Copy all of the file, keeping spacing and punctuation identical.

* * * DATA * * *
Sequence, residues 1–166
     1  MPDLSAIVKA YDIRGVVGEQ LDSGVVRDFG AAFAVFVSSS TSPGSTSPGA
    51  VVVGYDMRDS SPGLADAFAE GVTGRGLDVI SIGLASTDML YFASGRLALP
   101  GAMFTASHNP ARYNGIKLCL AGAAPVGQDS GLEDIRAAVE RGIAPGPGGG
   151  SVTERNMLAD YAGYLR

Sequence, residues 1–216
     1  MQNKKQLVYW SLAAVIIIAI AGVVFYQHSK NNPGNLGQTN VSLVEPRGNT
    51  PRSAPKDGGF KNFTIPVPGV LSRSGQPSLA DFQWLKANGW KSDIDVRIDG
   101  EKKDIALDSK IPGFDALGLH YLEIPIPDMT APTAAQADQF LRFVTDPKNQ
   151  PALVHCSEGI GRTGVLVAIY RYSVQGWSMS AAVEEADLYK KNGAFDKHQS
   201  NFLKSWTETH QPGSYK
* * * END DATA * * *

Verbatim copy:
Sequence, residues 1–166
     1  MPDLSAIVKA YDIRGVVGEQ LDSGVVRDFG AAFAVFVSSS TSPGSTSPGA
    51  VVVGYDMRDS SPGLADAFAE GVTGRGLDVI SIGLASTDML YFASGRLALP
   101  GAMFTASHNP ARYNGIKLCL AGAAPVGQDS GLEDIRAAVE RGIAPGPGGG
   151  SVTERNMLAD YAGYLR

Sequence, residues 1–216
     1  MQNKKQLVYW SLAAVIIIAI AGVVFYQHSK NNPGNLGQTN VSLVEPRGNT
    51  PRSAPKDGGF KNFTIPVPGV LSRSGQPSLA DFQWLKANGW KSDIDVRIDG
   101  EKKDIALDSK IPGFDALGLH YLEIPIPDMT APTAAQADQF LRFVTDPKNQ
   151  PALVHCSEGI GRTGVLVAIY RYSVQGWSMS AAVEEADLYK KNGAFDKHQS
   201  NFLKSWTETH QPGSYK